Pet Sematary: Bloodlines movie artwork

Pet Sematary: Bloodlines (Movie Review)

By and large, Horror prequels do not have the best track record. While there are a few that end up being worthy entries into their respective stories, more often than not they end up answering questions that do not need to be, and not expanding the lore of a universe in a meaningful way. So, the question is how does the latest Pet Sematary prequel Pet Sematary: Bloodlines fair? 

Premiering on Paramount+ October 6, 2023, it should be known at Pet Sematary: Bloodlines serves as a prequel to the 2019 remake, not the original 1989 film. Directed and co-written by Lindsey Anderson Beer, the plot focuses on a young Jud Crandall, famously played by the late Fred Gwynne in the original film, and the backstory of how he discovers the secret of the Miꞌkmaq burial ground in his hometown of Ludlow, Maine. In 1969, Jud is a young man with the same dream every young person from rural America has – to get out of his hometown and leave it behind. His destiny, as we know, is much darker. In the original story, Jud tells that story’s protagonist, Louis Creed, about an incident in Ludlow decades past, when a man named Bill Baterman (David Duchovny: The X-Files series, Californiacation series) buried his son in the cemetery, who then returned as a maddened zombie to wreak havoc on the town. This is where the film starts, and it’s perhaps understandable why the plot doesn’t focus on the lead up to it – because that might skirt too close to telling the same story as the original.

Pet Sematary: Bloodlines photo
L-R Henry Thomas as Dan and Jackson White as Jud Crandall in Pet Sematary, streaming on Paramount+, 2023.

There are several things about this film that miss the mark, especially for fans of Stephen King’s work. One of them is Jud himself, who is played by Jackson White (Mrs. Fletcher series, Ambulance 2023), and is simply boring on screen. Jud served as the trope of the old man who gives exposition and warning to the main characters, while here, we get a borderline lifeless character that has none of the traits or even mannerisms of the original character. His characterization is simply that of the audience, learning the back story as we do. It is a poor choice of direction for a film where he is the lead, turning him into a vessel to carry any idea the writers want in there, regardless if it fits or is good for the story.

Additionally, A lot of the soul-wrenching psychological aspects of the story that are in the original and novel are swapped for jump scares and on-screen violence. Even if Pet Sematary
is not a movie one particularly enjoys, it still had a heavy dose of existential dread that is lost here. And while the family drama aspect is still there, it is watered down in the aforementioned
jump scares and body count. Pet Sematary is a downright ugly and dark story, even by King standards, and this film does not understand why, replacing the mechanisms that made it that way with something far too facile and predictable.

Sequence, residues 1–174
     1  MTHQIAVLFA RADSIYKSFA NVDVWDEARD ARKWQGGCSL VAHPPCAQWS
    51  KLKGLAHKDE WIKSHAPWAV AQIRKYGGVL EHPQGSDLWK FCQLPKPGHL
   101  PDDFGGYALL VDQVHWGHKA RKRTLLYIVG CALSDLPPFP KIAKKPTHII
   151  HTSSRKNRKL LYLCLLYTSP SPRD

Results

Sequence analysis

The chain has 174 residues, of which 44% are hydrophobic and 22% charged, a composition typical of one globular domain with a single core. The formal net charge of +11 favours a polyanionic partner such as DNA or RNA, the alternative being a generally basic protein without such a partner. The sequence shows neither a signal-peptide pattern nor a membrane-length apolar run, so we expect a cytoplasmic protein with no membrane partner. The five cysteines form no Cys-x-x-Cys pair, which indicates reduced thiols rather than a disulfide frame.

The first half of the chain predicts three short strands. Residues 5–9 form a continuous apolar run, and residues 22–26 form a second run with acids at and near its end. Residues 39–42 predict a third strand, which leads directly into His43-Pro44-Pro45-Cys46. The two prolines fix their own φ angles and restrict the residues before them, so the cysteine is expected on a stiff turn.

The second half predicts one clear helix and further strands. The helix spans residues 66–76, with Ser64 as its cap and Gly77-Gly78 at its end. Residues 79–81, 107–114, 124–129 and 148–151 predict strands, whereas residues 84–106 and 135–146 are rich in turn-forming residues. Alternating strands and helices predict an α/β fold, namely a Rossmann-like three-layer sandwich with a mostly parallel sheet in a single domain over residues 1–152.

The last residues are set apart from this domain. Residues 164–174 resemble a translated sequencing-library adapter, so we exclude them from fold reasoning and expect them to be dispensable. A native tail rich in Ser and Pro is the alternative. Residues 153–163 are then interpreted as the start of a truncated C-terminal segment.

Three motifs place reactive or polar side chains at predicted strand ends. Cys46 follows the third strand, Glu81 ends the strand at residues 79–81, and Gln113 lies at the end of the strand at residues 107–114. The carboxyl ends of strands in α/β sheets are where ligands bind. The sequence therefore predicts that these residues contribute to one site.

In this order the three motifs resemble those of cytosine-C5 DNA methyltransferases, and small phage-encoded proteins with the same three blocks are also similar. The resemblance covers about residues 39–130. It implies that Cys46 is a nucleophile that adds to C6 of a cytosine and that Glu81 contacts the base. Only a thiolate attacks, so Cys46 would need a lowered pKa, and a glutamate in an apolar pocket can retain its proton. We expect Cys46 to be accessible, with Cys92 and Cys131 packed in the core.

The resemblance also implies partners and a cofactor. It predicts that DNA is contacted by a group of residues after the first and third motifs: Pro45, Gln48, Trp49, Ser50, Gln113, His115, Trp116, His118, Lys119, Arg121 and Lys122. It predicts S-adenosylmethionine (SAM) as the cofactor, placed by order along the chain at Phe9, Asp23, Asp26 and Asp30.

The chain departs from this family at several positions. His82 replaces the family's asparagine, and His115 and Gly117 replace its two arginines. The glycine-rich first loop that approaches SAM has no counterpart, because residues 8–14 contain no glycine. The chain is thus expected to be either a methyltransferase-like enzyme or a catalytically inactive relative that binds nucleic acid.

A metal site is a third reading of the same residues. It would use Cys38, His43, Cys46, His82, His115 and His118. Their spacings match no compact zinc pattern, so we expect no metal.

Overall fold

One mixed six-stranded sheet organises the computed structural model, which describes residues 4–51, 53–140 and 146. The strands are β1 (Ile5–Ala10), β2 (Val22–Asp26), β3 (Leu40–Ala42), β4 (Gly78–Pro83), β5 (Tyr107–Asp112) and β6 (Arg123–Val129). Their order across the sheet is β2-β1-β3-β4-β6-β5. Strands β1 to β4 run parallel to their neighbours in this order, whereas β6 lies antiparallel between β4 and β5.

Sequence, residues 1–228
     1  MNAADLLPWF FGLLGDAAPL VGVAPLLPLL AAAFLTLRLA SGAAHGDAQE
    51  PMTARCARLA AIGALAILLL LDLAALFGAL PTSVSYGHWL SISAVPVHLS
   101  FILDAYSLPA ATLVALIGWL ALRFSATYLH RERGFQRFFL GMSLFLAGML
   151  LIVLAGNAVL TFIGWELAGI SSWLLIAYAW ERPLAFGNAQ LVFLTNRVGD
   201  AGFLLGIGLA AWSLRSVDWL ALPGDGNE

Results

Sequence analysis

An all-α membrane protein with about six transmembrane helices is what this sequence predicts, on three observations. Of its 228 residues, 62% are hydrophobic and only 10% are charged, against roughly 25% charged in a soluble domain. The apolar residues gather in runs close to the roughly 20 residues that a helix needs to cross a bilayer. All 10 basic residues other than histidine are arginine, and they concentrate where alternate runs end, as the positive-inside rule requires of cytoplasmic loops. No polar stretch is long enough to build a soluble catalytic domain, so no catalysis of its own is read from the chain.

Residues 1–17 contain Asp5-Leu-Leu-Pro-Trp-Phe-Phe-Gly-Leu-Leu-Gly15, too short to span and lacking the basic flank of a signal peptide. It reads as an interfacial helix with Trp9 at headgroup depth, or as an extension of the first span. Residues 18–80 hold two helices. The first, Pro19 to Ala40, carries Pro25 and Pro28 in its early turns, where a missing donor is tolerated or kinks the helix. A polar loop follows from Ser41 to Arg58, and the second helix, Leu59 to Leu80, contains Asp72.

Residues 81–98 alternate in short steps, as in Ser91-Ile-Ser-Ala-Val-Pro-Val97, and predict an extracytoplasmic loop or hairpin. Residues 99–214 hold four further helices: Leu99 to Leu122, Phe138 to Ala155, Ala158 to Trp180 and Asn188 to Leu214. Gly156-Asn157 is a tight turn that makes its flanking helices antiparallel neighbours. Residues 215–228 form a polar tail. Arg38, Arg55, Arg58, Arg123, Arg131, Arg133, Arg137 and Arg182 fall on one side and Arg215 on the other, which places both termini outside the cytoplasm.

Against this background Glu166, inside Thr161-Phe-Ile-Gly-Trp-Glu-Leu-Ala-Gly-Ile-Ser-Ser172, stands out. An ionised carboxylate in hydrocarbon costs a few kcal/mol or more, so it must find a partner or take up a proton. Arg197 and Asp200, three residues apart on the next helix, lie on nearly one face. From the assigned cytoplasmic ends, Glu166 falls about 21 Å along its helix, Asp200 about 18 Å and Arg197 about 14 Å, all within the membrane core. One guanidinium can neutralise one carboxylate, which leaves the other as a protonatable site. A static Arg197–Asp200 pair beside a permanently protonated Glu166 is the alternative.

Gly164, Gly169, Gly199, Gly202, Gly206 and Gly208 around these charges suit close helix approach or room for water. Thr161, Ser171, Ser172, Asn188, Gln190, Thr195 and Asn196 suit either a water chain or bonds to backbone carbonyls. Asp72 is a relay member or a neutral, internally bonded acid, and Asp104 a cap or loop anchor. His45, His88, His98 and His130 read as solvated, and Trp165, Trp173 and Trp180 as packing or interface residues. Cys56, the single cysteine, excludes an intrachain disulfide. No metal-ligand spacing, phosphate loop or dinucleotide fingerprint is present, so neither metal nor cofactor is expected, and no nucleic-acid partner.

Perhaps the biggest overall problem Pet Sematary: Bloodlines has is that of many book-to-film adaptations; it does not respect the source material. The events that were said to unfold in novels and original film are fundamentally changed here for no good reason, and it makes one wonder why this is a constant thing within the genre. There is probably a lot more to it than simply the writers wanting it that way, but personal blame is not really the point. Rather, it is a matter of lamenting the inability of the industry to not take advantage of exploring a writer’s world in a way that adds to it, rather than trying to replace it.

Pet Sematary: Bloodlines photo
Natalie Alyn Lind as Norma in Pet Sematary, streaming on Paramount+, 2023.

However, the film is not without merits. It looks very good and was shot very well. The action, especially at the last parts of the film, is visceral and effective at what it wants to be. The violence is certainly the most in any Pet Sematary movie yet, and while that may not necessarily be the right thing for this franchise, Horror fans who love kills and body counts will be happy. There are new story elements introduced in order to explore themes of secrecy, sins of the fathers, and sacrifice, but none of it captures the moral conundrum of choosing to resurrect a loved one and the dread that comes with it like before. The film never overcomes the prequel pitfall of having the backstory be too predictable, and the departure from King’s story would not be so bad if it was done well, but in the end it comes off as another attempt to “fix” what was never broken.

Unfortunately, that trend of sequels continues with Pet Sematary: Bloodlines… which is a mostly lackluster excursion into the world of one of Stephen King’s most beloved stories. Like many Horror prequels, nothing here will stay with you like the first one does. For these reasons, Cryptic Rock gives Pet Sematary: Bloodlines 2.5 out of 5 stars.

Pet Sematary: Bloodlines movie poster
Pet Sematary: Bloodlines / Paramount+ (2023)

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